A few weeks ago I held my youngest nephew, Connor, and I experienced a feeling of fierce and loyal love–a feeling that I am convinced we experience in times of great transformation and trial. As I held him, I looked at my 34-week pregnant wife, and for the first time, I felt and sensed a glimpse of what our future would soon hold. I remember then passing Connor back to his father and feeling completely blown away and ready to step into parenthood. Yet the truth is likely more harrowing than sheer excitement and giddy anticipation. The truth is sure to be harder than the joy of holding a newborn. The truth is sure to test our patience and resolve.
Our child is about to arrive in a fragile, seven or eight pound frame that we will want to protect, shower with love, and help in every way possible. And for a while, life will probably exist of many days that call on our abilities and perseverance to do just that. Life will likely feel like and mimic the building of a foundation–a great push to provide necessary circumstances and environments to foster growth and withstand pain. And with each passing day, we will teach our child and prepare them for the greater world–one where our patience, protection, love, and loyalty will still be needed, but they will also be capable of demonstrating and living into such qualities–that is the hope. It will be an experience like no other, and as I can try my best to visualize what life will look like in the coming decades, the events of ages past have often proven to challenge many of man’s preconceived notions or plans –and with that, I am forced to consider Mike Tyson’s famous line, “Everyone has a plan ’til they get punched in the mouth.” Somehow, these words force me to contemplate my responsibilities as an educator.
In the classroom, I am forced to constantly adapt to the punches that attempt to derail even my greatest strategies and intentions. And while I am wise to plan, I am wiser to consider how such plans might unravel and what I may be left with to resolve, rebuild, or altogether scrap in order to start over. That is one way that I view parenthood as I sit on its cusp and express inquiry, joy, and admittedly a healthy dose of “What the hell is this going to be like and how will I ever prepare?!?” As these thoughts pace through my mind with little caution and great rapidity, I revisit the notion of hope, though not as it pertains to what our child may become. Instead, I think of hope as the great equalizer.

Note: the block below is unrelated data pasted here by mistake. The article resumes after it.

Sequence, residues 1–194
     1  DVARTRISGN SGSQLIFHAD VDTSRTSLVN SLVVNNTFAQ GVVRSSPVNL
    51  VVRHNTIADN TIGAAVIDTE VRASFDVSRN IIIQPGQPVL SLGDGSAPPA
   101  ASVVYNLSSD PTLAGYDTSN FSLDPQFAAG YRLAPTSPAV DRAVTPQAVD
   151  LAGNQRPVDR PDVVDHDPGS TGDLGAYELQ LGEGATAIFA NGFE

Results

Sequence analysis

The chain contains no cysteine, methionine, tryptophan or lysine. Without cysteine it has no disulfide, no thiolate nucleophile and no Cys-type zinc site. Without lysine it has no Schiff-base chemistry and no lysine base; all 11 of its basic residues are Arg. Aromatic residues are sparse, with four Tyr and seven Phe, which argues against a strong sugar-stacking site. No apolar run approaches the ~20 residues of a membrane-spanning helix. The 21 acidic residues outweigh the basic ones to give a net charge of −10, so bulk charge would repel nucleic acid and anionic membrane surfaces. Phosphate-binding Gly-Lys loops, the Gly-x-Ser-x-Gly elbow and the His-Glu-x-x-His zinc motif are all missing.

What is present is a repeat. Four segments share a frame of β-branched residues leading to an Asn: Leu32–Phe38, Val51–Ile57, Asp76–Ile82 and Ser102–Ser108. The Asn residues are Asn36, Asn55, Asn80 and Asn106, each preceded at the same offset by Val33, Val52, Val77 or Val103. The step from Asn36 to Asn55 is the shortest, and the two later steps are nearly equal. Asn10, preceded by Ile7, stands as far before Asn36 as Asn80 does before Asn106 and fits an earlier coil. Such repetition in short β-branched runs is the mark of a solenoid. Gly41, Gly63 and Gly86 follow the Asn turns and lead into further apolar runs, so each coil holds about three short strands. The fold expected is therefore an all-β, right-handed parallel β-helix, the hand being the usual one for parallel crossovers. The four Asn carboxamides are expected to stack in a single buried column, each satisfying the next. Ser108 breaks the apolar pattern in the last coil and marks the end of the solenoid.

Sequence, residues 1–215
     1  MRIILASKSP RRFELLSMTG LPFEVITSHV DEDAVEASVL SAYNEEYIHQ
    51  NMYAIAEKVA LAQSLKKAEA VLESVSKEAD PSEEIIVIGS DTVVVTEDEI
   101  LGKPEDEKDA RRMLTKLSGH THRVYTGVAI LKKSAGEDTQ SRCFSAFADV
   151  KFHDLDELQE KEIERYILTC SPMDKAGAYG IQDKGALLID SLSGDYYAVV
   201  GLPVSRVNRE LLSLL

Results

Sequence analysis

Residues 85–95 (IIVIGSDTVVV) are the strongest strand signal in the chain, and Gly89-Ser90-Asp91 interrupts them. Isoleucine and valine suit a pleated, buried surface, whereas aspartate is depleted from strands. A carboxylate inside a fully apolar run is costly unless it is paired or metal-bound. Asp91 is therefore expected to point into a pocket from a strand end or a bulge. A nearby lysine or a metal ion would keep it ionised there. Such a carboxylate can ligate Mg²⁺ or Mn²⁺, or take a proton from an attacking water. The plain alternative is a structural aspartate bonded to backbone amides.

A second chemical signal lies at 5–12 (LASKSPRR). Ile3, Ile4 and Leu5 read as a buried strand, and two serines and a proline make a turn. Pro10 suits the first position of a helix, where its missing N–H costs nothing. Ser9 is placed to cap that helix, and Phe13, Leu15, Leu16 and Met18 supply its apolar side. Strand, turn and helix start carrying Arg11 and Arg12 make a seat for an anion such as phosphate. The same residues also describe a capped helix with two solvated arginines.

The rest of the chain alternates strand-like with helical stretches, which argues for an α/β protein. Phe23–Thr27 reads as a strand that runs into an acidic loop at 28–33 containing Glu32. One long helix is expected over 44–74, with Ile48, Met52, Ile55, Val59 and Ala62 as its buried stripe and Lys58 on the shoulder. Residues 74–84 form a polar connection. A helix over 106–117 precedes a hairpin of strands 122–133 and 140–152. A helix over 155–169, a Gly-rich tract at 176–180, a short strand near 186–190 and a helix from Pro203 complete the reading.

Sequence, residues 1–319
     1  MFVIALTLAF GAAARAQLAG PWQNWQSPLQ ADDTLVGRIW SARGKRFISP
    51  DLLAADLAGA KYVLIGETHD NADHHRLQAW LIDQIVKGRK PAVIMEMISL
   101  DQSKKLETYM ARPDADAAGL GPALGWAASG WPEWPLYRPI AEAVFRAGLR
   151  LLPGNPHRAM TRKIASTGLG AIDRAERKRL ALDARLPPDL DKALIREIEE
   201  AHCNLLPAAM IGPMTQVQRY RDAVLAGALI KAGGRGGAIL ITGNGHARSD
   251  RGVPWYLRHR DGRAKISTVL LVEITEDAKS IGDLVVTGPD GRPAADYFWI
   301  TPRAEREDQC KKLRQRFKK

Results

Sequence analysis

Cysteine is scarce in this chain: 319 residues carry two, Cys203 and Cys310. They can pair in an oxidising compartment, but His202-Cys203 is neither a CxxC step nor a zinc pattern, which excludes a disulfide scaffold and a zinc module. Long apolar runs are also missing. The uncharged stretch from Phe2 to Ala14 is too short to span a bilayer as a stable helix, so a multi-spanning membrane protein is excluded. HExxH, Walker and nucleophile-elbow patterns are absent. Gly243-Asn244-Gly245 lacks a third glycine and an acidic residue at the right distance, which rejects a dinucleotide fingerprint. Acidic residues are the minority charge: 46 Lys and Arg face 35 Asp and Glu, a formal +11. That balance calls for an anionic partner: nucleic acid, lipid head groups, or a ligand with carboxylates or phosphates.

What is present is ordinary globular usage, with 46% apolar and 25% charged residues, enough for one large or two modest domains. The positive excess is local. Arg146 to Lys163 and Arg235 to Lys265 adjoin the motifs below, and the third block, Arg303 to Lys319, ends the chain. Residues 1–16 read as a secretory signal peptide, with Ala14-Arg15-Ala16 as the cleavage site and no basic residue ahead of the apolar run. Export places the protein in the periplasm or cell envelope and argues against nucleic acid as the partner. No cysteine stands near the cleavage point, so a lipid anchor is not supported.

Despite socioeconomic circumstances and life challenges, one can only rob their own being of hope. And yes, amid a landscape of social injustice and sociopolitical upheaval that our country finds itself coping with today as a result of our flawed nature and dissonance, I recognize that opportunity is viewed and experienced as relative. Yet still, I have seen men and women of great advantage plummet to unforeseeable depths just as quickly as I have witnessed others from adverse conditions rise and capitalize–and with the myriad of details inherent to these admittedly broad sweeping examples that for the sake of focus I wish not to expand upon at this time, I pray that themes central to our child’s development are not lost in a shuffle that may cloud judgement or overshadow the constant need for love, loyalty, and patience.
Now, as I reflect on the challenges and opportunities that have allowed my wife and I to build our own foundation that has best readied us for the joys and tribulations of parenthood, I find myself listening to “Cat’s in the Cradle” time and time again, and like reading a book at various stages in life can offer new discovery, so can the rhythm and language of Chapin’s fabled song that tells the story of a father proud to have provided for his son and family but later regretful that he did not give his son enough of the greatest commodity of all: time. It almost serves as a precautionary tale that challenges the fabric of our complex culture: provide all that you can and simultaneously devote all of the time that you can to your family–a task that I know only from a distance at this stage in my life.
Considering my ramblings and the past nine months of contemplation, I hope more than anything to demonstrate the strength, courage, wisdom, love, loyalty, humility, and perseverance necessary to teach my child, listen to my child, and raise my child in a way that makes them proud to call me their father. After all, a great truth that I have learned from teaching over the past eight years is as simple as it is hard: being extraordinary begins with being present. Fears of inadequacy that man lets creep into his mind and way of life can quickly be erased when he simply steps into the light and allows it to display all of his wonderful being–cracks included. So let the juggling act begin–I am as ready to fail as I am to learn and grow.